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NEWS BULLETIN

October 25, 2010 --- Vol. 16, No. 95October 2010

USGS slashes its NPR-A oil estimate

In a revised resource assessment for the National Petroleum Reserve-Alaska, released today, the U.S. Geological Survey has reduced its estimate of undiscovered oil in the reserve from 10.5 billion barrels to 896 million barrels. The agency’s estimate of undiscovered natural gas has dropped slightly from 61 trillion cubic feet to just under 53 trillion cubic feet.

The revised estimates, coming as an update to an NPR-A assessment done in 2002, result from data now available from exploration wells drilled in the past decade. The data indicate an abrupt change from oil prone to more gas prone resources in NPR-A, just 15 to 20 miles west of the Alpine oil field in the Colville River Delta, USGS scientists think. Consequently, oil plays analogous to the Alpine field in NPR-A likely contain very little oil west of the area that ConocoPhillips and Anadarko Petroleum have been exploring around their Lookout and Alpine West prospects, USGS now says.

USGS now thinks that the best bet for finding new oil in NPR-A is in a relatively young and shallow sequence of rocks known as the Brookian, with these rocks also likely to hold substantial amounts of natural gas.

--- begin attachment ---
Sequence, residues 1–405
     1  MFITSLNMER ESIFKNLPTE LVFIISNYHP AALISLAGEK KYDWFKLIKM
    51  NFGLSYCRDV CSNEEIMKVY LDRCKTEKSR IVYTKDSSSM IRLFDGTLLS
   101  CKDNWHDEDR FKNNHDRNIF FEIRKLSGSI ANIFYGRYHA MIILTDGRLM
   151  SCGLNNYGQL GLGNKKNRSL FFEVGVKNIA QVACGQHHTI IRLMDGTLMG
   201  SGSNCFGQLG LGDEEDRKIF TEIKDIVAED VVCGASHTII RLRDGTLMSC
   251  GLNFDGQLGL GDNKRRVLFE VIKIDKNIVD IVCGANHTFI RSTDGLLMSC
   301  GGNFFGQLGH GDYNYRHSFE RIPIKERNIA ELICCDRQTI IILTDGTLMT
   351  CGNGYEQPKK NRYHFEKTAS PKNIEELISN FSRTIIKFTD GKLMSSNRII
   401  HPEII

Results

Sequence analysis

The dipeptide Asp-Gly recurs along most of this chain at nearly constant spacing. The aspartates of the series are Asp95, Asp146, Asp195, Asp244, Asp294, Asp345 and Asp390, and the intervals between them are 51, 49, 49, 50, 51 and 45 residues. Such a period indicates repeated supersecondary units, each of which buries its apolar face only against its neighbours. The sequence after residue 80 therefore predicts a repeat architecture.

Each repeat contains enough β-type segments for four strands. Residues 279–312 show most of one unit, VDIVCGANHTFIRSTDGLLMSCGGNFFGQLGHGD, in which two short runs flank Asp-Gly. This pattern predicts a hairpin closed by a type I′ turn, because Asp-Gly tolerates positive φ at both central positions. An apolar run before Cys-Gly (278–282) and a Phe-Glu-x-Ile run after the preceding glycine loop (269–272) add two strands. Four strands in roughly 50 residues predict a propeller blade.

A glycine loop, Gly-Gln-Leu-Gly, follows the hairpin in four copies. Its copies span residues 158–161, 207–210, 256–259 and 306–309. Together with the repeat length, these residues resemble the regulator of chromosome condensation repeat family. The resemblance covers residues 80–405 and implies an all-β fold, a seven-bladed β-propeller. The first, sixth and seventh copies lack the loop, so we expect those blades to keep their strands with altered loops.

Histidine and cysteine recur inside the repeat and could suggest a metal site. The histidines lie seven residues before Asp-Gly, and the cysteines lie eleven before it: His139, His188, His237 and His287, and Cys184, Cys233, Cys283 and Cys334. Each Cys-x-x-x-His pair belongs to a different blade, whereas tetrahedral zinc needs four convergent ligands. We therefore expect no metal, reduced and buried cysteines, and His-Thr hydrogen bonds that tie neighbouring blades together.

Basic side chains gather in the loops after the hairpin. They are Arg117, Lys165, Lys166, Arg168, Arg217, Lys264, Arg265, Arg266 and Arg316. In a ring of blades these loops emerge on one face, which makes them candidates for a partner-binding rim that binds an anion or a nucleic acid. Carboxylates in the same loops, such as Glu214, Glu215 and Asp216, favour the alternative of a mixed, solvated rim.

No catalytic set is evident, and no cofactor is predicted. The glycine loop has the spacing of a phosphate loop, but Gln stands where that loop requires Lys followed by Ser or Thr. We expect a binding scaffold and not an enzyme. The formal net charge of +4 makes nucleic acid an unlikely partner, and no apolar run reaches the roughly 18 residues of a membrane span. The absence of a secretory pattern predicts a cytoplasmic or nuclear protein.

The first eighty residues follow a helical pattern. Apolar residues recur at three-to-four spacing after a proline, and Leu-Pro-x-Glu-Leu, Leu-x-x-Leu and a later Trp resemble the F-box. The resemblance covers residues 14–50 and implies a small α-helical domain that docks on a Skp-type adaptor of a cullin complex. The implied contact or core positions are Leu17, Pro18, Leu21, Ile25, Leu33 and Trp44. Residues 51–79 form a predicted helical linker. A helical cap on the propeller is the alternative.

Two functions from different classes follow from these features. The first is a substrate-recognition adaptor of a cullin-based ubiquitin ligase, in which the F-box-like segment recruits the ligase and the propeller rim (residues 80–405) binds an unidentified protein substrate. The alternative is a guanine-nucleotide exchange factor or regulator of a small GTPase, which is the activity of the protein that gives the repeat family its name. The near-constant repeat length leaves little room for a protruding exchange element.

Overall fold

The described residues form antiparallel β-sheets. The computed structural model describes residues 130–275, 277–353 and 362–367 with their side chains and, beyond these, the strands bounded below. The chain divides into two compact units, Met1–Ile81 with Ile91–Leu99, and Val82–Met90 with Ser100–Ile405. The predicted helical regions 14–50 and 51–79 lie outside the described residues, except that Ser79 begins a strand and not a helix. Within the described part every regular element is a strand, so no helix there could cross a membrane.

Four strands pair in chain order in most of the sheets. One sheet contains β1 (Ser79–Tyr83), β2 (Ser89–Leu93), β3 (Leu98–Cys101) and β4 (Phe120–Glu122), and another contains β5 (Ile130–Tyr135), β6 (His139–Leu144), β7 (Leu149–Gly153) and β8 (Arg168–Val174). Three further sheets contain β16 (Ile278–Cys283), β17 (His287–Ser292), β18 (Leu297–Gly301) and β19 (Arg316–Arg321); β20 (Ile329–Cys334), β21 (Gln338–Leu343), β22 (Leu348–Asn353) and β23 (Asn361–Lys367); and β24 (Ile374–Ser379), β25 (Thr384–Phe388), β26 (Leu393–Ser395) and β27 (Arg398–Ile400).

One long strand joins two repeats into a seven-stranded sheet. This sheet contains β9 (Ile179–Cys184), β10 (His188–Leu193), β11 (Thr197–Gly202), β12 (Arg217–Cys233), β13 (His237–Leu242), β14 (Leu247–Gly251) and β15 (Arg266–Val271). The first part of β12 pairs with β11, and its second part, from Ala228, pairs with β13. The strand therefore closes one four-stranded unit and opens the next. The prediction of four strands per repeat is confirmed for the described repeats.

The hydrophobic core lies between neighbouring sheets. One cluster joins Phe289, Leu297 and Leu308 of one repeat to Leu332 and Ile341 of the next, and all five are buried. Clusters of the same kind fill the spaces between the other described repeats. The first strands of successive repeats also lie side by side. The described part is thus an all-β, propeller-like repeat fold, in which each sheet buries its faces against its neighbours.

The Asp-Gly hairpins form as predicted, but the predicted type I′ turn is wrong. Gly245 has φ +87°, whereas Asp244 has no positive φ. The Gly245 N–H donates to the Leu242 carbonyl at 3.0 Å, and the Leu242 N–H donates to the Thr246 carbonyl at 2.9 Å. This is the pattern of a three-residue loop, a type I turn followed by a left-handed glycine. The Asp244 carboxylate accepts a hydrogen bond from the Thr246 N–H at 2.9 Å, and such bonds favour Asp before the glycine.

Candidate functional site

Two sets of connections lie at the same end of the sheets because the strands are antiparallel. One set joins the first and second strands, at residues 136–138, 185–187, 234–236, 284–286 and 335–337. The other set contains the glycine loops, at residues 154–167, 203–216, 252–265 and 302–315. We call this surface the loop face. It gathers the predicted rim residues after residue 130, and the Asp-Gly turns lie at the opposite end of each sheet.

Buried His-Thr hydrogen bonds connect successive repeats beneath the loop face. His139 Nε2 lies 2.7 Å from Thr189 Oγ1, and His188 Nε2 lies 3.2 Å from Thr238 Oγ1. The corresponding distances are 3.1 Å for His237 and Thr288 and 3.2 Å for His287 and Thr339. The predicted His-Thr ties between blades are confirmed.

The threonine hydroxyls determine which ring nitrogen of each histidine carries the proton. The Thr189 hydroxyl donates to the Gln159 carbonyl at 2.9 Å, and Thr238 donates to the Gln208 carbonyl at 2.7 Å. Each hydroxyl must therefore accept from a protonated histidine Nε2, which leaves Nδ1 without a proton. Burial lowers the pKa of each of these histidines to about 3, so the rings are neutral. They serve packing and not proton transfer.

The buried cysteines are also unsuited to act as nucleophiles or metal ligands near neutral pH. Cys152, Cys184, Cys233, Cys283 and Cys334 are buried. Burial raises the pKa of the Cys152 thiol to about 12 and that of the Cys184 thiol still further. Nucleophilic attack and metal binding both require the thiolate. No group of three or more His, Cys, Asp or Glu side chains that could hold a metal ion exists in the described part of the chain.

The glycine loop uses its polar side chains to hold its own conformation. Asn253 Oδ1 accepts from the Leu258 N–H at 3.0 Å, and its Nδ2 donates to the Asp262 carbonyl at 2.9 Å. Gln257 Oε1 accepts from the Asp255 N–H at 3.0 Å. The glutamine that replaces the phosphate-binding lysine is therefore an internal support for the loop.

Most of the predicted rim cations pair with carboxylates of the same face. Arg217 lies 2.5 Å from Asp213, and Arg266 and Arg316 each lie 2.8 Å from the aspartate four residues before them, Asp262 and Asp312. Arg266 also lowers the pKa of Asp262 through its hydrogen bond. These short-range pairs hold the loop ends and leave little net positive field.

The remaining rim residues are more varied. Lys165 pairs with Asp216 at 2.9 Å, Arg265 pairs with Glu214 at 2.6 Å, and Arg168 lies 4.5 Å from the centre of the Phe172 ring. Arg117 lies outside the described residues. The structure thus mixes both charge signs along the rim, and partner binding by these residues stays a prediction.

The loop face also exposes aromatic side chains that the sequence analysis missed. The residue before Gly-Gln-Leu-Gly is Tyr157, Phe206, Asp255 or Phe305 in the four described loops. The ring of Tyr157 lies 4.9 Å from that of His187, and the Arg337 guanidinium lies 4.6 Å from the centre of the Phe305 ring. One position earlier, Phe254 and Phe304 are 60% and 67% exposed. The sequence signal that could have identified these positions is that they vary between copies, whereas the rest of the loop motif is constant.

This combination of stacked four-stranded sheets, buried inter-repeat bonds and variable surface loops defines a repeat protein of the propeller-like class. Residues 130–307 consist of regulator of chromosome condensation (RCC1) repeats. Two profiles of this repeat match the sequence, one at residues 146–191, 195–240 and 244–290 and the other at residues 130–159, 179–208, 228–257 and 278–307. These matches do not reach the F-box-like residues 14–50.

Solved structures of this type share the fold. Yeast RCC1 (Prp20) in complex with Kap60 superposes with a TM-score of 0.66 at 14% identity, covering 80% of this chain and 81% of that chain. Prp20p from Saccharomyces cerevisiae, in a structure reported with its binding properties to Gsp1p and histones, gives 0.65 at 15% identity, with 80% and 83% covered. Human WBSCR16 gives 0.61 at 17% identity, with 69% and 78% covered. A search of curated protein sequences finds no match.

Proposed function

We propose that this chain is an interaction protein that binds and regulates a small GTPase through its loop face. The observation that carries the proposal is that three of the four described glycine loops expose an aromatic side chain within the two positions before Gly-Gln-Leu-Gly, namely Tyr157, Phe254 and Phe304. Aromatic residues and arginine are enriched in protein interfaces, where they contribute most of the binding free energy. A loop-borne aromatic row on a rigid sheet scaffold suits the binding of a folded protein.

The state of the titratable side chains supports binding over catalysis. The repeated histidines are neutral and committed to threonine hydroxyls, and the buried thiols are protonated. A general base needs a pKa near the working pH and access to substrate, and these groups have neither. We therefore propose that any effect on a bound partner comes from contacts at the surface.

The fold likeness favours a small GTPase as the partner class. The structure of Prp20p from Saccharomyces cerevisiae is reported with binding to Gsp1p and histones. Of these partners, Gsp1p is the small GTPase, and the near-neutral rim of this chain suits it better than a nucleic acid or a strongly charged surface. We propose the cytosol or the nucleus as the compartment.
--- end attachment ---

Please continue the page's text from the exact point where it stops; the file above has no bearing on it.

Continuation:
USGS attributes the apparent prevalence of gas in NPR-A to the pushing upward of rock strata between 60 million and 15 million years ago, a process that the agency says would have reduced the pressure on the rocks and, hence, caused degassing from oil deposits and an expansion of gas pools.

Linc spuds first Alaska exploration well

Linc Energy has spud its first Alaska exploration well, the company said yesterday.

The Australian company recently began drilling LEA No. 1, an onshore vertical well located just north of Point MacKenzie Road across Knik Arm from Anchorage.

“The well has been designed to target a number of stacked gas objectives whilst intersecting regional coal measures,” Linc Energy CEO Peter Bond said in a prepared statement.

Bond said the quick turnaround on the leases acquired earlier this year demonstrated Linc’s commitment to the U.S. energy market.

“These Alaskan assets will be a definitive part of the early cash-flow opportunities for Linc Energy in the months ahead,” Bond said. “I look forward to updating the market on the results from LEA No. 1 and the expansion of our operations and exploration activities within Alaska in due course.”

Linc previously said it hoped to use revenue generated from the traditional exploration program to fund underground coal gasification projects in the Cook Inlet basin.

Linc Energy entered Alaska in March, acquiring 122,000 acres from San Francisco-based independent GeoPetro. The acreage includes state and Alaska Mental Health Land Trust leases split between Granite Point on the west side of Cook Inlet and Point MacKenzie.

See stories in the Oct. 31 issue of Petroleum News, available to subscribers online at noon, Friday, Oct. 29 at www.PetroleumNews.com

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